Source: EDITORIAL COMMENT: ZINARA robbing motorists | The Financial Gazette January 26, 2017

IT is no longer unusual to see a string of gaping potholes on many of Zimbabwe’s roads constantly posing a danger to motorists who have to use these neglected streets and highways.
Wherever one travels in Zimbabwe, whether it is in Harare, Mutare, Kariba or Victoria Falls, potholes have become a constant feature on our country’s roads.
Many road accidents have occurred as a result of these potholes because on many occasions motorists have lost control of their vehicles after hitting a pothole or in the process of trying to avoid one.
Traffic accidents caused by the poor state of our roads have increased during this rainy season because potholes become invisible in the rain. As a result, many lives have been lost while many motorists have incurred huge costs arising from damages caused by driving over potholes.
In the past these potholed roads were prevalent only in high density residential areas, but now the menace has spread to roads in leafy suburbs such as Borrowdale, Greystone Park and Chisipite in the capital Harare — areas previously known for their smooth and properly maintained roads.
In recent years, potholes have also become a permanent feature on many roads in Harare’s central business district.
The same can be said about the roads in other cities and towns such as Bulawayo, Masvingo, Gweru or Kwekwe.
Evidently, those entrusted with the responsibility of maintaining the country’s roads are sleeping on the job or have given up on their obligation.
The Zimbabwe National Roads Authority (ZINARA), the agency responsible for the maintenance and development of the country’s national road network, has nothing to show for the millions of United States dollars it collects from motorists every year.
Local authorities that also have a responsibility to maintain and develop roads within their precincts appear overwhelmed by this responsibility. These councils accuse ZINARA of disbursing inadequate financial resources to them towards the maintenance of their roads.
In June last year, ZINARA revealed it had generated US$180 million in six years through its tolling system introduced in 2010. Our understanding is that tollgates were introduced in order to create a fund for the maintenance and development of the country’s ageing road network given that most roads in the country were constructed over 40 years ago during the colonial era, with an average lifespan of 20 years.
While ZINARA has succeeded in collecting revenue from motorists through its tolling system, the parastatal has dismally failed in its mandate to fund the maintenance and development of the national road network. The menacing potholes and the state of disrepair on the country’s roads cannot justify the millions of dollars the agency is collecting from hard-pressed motorists, who now feel robbed by the parastatal.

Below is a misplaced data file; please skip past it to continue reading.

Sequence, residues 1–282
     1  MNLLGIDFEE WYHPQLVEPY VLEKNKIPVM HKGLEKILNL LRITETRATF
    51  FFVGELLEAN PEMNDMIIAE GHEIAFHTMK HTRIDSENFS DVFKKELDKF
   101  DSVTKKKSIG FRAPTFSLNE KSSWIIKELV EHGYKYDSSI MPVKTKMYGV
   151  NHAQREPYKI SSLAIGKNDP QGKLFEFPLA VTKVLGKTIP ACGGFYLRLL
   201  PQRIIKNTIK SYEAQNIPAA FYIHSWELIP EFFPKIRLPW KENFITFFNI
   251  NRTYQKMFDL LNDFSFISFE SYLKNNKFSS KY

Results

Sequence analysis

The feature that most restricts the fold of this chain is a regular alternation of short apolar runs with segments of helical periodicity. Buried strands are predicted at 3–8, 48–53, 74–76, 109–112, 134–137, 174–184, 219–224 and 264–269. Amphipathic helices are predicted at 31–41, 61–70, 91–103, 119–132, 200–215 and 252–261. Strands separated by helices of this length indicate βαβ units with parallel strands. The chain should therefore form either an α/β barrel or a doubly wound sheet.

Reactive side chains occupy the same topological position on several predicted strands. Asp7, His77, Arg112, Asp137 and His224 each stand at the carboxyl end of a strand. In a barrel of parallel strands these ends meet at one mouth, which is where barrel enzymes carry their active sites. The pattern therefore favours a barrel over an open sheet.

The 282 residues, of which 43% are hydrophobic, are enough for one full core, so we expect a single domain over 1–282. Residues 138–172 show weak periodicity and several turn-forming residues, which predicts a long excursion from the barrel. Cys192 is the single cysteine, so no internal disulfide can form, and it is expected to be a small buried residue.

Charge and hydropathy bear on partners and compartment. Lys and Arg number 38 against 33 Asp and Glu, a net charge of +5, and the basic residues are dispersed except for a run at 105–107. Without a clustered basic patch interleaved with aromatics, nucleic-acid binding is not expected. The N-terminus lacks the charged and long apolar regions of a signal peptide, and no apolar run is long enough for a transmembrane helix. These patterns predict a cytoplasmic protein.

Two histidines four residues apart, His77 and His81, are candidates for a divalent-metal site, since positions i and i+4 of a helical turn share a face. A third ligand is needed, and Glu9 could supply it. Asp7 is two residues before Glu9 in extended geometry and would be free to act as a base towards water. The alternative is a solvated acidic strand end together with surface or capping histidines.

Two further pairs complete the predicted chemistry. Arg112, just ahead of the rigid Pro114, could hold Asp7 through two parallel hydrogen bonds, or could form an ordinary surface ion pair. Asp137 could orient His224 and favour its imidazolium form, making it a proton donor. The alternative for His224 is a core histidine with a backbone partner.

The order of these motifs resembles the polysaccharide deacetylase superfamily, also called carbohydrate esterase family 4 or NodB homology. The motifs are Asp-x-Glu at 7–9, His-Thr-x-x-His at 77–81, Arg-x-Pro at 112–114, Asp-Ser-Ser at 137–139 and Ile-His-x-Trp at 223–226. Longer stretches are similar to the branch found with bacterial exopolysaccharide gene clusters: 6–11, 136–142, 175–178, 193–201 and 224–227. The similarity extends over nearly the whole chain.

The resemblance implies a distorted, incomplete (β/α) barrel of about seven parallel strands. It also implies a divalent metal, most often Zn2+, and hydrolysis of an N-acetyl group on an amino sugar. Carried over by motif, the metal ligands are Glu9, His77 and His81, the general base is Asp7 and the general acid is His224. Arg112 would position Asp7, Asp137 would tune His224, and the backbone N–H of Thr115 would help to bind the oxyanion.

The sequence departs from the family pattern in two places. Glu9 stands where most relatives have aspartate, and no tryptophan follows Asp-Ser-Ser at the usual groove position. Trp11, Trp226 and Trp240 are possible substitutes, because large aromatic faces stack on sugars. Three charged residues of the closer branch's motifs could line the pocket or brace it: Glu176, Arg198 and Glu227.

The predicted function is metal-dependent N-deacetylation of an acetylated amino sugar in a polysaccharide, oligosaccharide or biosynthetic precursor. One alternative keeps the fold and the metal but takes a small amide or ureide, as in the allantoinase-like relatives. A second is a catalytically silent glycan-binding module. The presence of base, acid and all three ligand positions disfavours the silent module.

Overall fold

ZINARA needs to put its act together and justify its tolling system by rehabilitating the country’s roads and developing a world class national road network. It must also disburse adequate funds to local authorities for the resurfacing of roads before more lives are lost as a result of accidents caused by poor road infrastructure.


  • comment-avatar
    Homo Erectus 5 years ago

    The UN did a study about 10-15 years ago on ‘the condition of roads’ – their finding was that the number of potholes in any city or country roads is directly correlated to the amount of corruption that occurs in that city or country. More potholes = more corruption. That’s very true. And YES, Zinara is screwing us big time, but then that old grandpa is probably screwing Zinara of all its funds.

  • comment-avatar
    Mazano Rewayi 5 years ago

    It’s not just ZINARA, almost all public institutions are fleecing the people. ZESA, ZIMRA, councils are all the same. They squeeze every cent out of the people and spend the money on themselves then punish the people if they dare question the situation. Services, what services? We are serfs and we must pay our dues for the comfort of the lords.

  • comment-avatar
    Mushavi 5 years ago

    The ZINARA can easily improve the road network in zimbabwe if corruption is eradicated in the government. Since independence, we do not have any road that we did ourself but they collect money everytime. We have now become the worst country in Southern africa as far as road network is concerned. Look at Zambia how it is improving but we used to laugh at them.

    A lot of people in Zimbabwe are dying in trying to get to major hospital especially in rural areas. Look at Matibi hospital, Mnene, Musume hospitals in Mberengwa, how to get there especially during rain season. There are a lot of institutions done by Smith but no improvement was done. These areas have been magninalised for more than 40yrs now and government doesnt care about it.

    The amount of money we collect from toll gates is more than enough to construct better roads in zimbabwe but due to corruption it is most likely impossible to have good roads network with this current government which is corrupt. ZINARA should channel the money they collect from motorists towards road networks.